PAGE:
It didn't get much attention in the afterglow of clinching home-field advantage throughout the playoffs, but cornerback Charles Woodson once again wasn't shy about expressing his disappointment with the Packers' defensive performance. After the Bears hit them for 441 total yards, including 199 on the ground, Woodson said: "Physically, we still have some problems. We just give up way too many things on a consistent basis." He added: "We're just not playing good football at times. … Everybody on this team, to the man, has to look within himself and let's get the job done." The Packers got by Sunday night as they have in most games this season, by creating two turnovers -- interceptions by linebacker Clay Matthews and safety Charlie Peprah -- to limit the damage of the opponent's high yardage totals. Woodson expressed some urgency to get the issues corrected, but at some point you wonder if the Packers are what they are: A team with a defense that, for whatever reason, gives up a lot of yards. I mean, the Bears got 121 yards from their third-string running back, their third-string quarterback completed 62 percent of his passes and previously invisible receiver Roy Williams caught a season-high six passes. The Packers' best hope is that they continue to create turnovers at their current rate. In Week 15, we saw what happens when they don't.
About five minutes into the third quarter, quarterback Aaron Rodgers threw a 55-yard touchdown pass to wide-open receiver Jordy Nelson, giving the Packers a comfortable 21-10 lead. If you think you've seen that play before, you have. It was the 10th touchdown pass Rodgers has thrown on play-action out of a two-back set, most of which have included bootleg-type movement from Rodgers and a deep throw down the middle of the field. The Packers moved away from it after hitting for eight touchdowns in the first seven weeks of the season, according to ace ESPN Stats & Information researcher John McTigue. Overall, the Packers have thrown 85 play-action passes out of that set and tried a total of 97 passing plays (including eight scrambles and four sacks). As we discussed earlier this season, it works in part because the Packers have established a tendency to run out of that formation on the majority of times they use it.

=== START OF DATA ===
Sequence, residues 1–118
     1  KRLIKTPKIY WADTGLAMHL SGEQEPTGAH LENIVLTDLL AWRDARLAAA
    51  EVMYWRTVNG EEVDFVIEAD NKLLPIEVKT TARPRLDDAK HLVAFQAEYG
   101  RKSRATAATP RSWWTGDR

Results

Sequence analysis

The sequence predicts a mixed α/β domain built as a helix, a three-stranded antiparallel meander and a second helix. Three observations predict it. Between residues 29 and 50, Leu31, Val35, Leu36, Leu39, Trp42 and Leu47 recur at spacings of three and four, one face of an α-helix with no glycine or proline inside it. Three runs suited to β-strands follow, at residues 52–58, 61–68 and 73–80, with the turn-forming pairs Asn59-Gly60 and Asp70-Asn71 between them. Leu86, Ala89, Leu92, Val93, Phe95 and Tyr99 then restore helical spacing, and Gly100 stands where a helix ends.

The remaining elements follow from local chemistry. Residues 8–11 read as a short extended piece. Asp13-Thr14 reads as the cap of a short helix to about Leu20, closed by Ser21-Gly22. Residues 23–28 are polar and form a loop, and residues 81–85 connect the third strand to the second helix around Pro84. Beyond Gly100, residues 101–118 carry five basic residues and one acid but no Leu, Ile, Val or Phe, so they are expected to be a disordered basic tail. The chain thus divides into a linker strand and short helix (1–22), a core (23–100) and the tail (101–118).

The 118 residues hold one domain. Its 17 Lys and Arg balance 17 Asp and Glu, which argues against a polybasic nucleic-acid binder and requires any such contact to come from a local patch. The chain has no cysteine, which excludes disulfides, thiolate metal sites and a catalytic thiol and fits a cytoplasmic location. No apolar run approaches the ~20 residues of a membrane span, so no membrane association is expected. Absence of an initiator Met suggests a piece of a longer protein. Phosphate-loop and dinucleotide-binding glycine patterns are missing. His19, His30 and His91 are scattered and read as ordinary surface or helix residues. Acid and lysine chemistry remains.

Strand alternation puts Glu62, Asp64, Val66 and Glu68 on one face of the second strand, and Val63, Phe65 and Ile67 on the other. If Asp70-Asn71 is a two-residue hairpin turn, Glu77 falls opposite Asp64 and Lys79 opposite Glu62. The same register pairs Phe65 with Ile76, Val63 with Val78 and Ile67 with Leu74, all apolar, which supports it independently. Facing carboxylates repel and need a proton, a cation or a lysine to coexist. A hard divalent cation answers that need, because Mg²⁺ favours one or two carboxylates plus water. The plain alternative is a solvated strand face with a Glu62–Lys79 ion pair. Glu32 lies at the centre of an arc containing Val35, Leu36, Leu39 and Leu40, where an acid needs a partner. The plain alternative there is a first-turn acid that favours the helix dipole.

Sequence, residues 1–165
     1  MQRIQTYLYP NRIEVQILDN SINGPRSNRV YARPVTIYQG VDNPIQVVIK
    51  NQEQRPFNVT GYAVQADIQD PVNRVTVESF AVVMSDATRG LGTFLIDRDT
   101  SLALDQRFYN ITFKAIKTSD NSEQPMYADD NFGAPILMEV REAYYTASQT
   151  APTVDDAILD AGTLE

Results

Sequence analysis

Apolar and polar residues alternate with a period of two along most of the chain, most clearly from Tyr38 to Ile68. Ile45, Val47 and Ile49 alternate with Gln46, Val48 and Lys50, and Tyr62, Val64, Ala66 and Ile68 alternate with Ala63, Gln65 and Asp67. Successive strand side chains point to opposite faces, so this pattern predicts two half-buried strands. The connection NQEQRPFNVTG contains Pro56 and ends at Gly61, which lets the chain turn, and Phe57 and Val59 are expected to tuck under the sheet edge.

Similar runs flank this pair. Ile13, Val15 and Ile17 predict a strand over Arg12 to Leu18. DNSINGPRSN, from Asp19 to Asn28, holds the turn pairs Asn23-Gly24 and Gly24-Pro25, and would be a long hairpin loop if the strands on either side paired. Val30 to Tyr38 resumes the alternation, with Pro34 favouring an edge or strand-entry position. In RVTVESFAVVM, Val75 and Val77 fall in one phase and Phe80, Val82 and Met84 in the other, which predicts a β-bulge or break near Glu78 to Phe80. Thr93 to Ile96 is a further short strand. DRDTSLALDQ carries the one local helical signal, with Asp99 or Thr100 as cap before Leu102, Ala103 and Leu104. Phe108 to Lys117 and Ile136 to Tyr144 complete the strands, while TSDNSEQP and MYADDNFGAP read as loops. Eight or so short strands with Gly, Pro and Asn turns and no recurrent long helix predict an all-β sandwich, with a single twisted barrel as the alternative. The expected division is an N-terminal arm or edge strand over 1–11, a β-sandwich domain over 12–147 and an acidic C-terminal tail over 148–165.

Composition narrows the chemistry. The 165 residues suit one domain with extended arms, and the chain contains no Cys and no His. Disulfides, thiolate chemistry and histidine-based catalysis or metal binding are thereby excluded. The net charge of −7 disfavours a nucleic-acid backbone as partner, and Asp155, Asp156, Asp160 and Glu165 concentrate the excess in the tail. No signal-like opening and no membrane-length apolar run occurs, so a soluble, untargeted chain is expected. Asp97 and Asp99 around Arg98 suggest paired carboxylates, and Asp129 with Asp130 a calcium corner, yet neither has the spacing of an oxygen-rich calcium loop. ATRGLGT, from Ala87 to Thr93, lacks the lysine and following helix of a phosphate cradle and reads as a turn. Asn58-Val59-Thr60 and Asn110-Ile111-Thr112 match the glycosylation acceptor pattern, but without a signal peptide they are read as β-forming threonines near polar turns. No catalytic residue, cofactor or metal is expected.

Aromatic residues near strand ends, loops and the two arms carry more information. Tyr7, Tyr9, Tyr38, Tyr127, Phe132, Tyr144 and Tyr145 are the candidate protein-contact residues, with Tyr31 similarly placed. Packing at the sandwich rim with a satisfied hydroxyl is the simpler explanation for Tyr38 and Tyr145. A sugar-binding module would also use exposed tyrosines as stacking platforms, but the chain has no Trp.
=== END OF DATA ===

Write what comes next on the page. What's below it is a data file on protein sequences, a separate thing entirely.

Nelson has been targeted a relatively modest 79 times this season but has caught 59 of them, including 12 touchdowns, making him what ESPN Stats & Information considers the NFL's most efficient receiver. Entering the game, 73 players had been targeted more frequently than Nelson. But he now has more touchdown receptions than all players but New England Patriots tight end Rob Gronkowski and Detroit Lions receiver Calvin Johnson. Rodgers' passer rating this season on throws to Nelson entering the game was 156 and it was a perfect 158.3 Sunday night.
And here is one issue I still don't get:
Sunday was the first game all season that Rodgers hasn't been sacked, and it came behind a patchwork group that included left guard T.J. Lang playing right tackle and reserve Evan Dietrich-Smith playing left guard. The Packers were pretty giddy about it, and Rodgers said: "I think a lot of people were questioning even the starters and the way that they've played. We had T.J. at right tackle and we had Evan at left guard and those guys played great. I've got to give them a lot of credit. They're the MVPs tonight. I barely got touched out there. That's always fun." One possible explanation: The Packers used three wide receivers, normally their base formation, on only 37 percent of their plays. That forced the Bears to line up with their base defense for the most part and gave the Packers extra blocking help with tight end and running backs as well. The question now is how the Packers move forward. You would think that right tackle Bryan Bulaga (knee) won't return this week. Perhaps veteran Chad Clifton will get some work Sunday against the Detroit Lions. But what will the Packers' line look like in their first playoff game? I'm not sure if anyone knows the answer to that question.